“Win on Sunday, sell on Monday.” That was the popular marketing adage when motorsports and car sales were intricately intertwined. While a podium finish these days doesn’t necessarily translate into a bump in sales — with many consumers being more focused on fuel economy, looks and comfort — there is still a glimmer of truth to the phrase.
Take the new Mercedes-AMG S 63 E Performance hybrid, for instance. That’s a mouthful of a name to be sure, but Mercedes takes advantage of the battery technology in its podium-winning F1 car driven by Lewis Hamilton and George Russell to give us the most powerful S-Class ever. I’m talking 802 horsepower and a whopping 1,055 pound-feet of torque — in a luxury sedan.
The S 63 E Performance is a plug-in hybrid (not a BEV like the Mercedes EQS SUV). But don’t think you’ll get any kind of efficiency out of the powertrain. The 13.1 kWh battery only lasts for about 20 miles of all-electric range). Instead the battery, like that found in the Mercedes F1 car, is designed for maximum performance with high-capacity charging and discharging.
F1 battery technology, explained
The S 63 E Performance uses the same kind of lithium-ion cells as the race car and every one of the 1,200 cells is cooled individually by 3.7 gallons of a high-tech coolant. It starts in the bottom of the battery and is pumped around each cell to the top with a high-performance electric pump. It then passes through a heat exchanger, on to a low-temperature circuit and then finally to a cooler where the heat is released into the outside air. That results in a battery that remains at a constant 113 degrees Fahrenheit and stays primed for optimum performance, even if ambient temperatures are Montana-in-winter freezing or Death Valley hot.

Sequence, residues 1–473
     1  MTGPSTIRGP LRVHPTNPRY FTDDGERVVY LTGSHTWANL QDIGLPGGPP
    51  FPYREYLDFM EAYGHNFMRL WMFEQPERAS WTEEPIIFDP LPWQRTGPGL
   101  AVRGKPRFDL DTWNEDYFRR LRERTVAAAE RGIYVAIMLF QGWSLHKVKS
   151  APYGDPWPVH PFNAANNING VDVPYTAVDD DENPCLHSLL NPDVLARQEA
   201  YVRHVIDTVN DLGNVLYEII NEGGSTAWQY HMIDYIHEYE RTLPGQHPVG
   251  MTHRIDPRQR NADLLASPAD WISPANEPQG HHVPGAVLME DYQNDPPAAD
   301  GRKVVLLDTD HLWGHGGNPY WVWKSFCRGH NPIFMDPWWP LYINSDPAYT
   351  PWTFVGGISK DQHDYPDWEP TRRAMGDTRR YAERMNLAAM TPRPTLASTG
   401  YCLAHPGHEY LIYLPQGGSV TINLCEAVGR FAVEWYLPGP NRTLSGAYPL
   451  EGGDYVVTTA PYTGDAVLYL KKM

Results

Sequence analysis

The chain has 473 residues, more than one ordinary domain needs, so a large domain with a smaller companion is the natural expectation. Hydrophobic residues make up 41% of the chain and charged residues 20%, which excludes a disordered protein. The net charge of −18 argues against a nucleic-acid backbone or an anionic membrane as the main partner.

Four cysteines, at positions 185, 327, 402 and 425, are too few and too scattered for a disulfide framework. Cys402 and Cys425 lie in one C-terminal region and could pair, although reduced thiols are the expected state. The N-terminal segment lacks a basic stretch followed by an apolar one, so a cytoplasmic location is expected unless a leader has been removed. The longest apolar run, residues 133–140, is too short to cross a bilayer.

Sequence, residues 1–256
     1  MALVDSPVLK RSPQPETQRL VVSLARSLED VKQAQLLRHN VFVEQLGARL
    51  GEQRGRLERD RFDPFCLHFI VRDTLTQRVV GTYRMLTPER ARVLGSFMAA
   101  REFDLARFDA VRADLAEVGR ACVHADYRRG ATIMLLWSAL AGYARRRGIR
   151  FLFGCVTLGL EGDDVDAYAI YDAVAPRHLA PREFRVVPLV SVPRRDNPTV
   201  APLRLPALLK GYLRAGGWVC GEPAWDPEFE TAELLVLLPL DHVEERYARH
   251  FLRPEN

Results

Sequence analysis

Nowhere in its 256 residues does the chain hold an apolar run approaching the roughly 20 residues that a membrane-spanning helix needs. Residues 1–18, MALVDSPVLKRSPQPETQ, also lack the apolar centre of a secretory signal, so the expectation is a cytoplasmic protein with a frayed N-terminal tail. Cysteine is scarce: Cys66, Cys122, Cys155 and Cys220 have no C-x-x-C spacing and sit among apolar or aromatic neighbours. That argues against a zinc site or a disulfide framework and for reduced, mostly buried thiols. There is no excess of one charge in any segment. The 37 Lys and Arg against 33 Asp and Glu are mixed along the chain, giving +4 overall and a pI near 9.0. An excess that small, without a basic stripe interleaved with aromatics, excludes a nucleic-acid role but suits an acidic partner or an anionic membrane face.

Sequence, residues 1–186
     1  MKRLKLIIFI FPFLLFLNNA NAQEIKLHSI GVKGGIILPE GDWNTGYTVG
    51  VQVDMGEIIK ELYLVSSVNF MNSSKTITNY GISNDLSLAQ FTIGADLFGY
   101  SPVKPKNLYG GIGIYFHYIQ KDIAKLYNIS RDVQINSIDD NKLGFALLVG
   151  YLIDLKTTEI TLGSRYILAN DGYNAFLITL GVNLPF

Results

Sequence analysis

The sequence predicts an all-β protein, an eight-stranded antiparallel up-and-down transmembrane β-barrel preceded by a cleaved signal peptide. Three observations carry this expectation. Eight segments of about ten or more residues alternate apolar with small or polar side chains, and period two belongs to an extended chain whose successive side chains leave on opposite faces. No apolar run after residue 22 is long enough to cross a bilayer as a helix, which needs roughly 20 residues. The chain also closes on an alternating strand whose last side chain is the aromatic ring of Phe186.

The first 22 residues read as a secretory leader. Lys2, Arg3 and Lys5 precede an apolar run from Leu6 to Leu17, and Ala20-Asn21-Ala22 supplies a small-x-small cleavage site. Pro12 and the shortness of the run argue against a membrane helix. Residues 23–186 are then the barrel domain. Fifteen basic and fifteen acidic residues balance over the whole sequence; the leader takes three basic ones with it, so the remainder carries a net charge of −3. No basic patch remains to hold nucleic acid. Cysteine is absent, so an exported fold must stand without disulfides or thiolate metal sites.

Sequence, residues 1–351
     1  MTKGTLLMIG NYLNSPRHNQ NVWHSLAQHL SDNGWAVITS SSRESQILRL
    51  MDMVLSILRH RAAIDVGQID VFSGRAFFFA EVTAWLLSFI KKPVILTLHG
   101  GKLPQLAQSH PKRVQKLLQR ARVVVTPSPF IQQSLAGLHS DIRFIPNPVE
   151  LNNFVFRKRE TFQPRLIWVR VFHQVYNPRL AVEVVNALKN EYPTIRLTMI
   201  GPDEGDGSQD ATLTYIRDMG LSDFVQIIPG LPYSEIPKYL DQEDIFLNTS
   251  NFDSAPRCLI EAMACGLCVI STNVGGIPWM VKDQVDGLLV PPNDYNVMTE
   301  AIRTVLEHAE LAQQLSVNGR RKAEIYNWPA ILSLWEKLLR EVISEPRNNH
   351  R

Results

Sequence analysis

This isn’t the first time Mercedes has employed this technology; it’s also featured in the rowdy AMG C 63 S E Performance and the AMG GT 63 S E Performance. Though the power delivery is just as quick on these models, the batteries have a capacity of 6.1 kWh and 6.7 kWh, respectively.
The S 63 has a unique operating strategy as well. The car can be driven in all-electric mode, but once the battery dwindles down to 25% or so capacity, it switches to Comfort mode to save a bit of battery should the driver want to spend some electrons carving some back country roads at full-bore. Other PHEVs allow drivers to knock the battery all the way down to nothing if they want. By always keeping some juice in the battery, the car is always primed for performance driving.
Fun times are available in every driving mode, accessed by what the company calls “kick down.” Think of it as a heavy space in the throttle. Everything above that space is easy cruising, but push your foot past and you’re rewarded with all the beans, no matter which drive mode you’re in.
When powering up from home the battery can only accept a charge of 3.6 kW, which is extraordinarily slow. However, the AMG-ified S-Class makes up for it with on-the-go charging. When driving in Sport or Sport+ modes the gas engine can supply 90 kW of power to the battery, and it can even accept surges of up to 140 kW on extremely heavy braking. The S 63 E Performance has four levels of regenerative braking, and though it never brings the car to a complete stop, the computer always defaults to regenerative braking and it keeps some regen even during mechanical braking or when drivers hit the limit and move into ABS.
Drive like Lewis
My day with the car starts with a leisurely drive on the Pacific Coast Highway in EV mode, which is accessed at the top end of the throttle.
The result is a sublime ride with smooth gear changes and little to no road and tire noise entering the cabin. Once I get to the hills behind Malibu, I appreciate that the car has saved some go-go beans for me as these canyons are begging to be carved.
I switch to Sport mode, press through the kickdown and I’ve reached 60 miles per hour in less than three and a half seconds. A sharp left hand turn is quickly approaching so I go heavy on the brakes and this 5,000-plus pound vehicle slows admirably with nary a twitch and without losing grip. I can feel the heft in the turns and despite the rear steering, the sensation is one of manhandling a wild stallion around a barrel. Yet somehow it still feels composed and agile. I guess this is what a luxury wild stallion feels like.
Mercedes’ in-car tech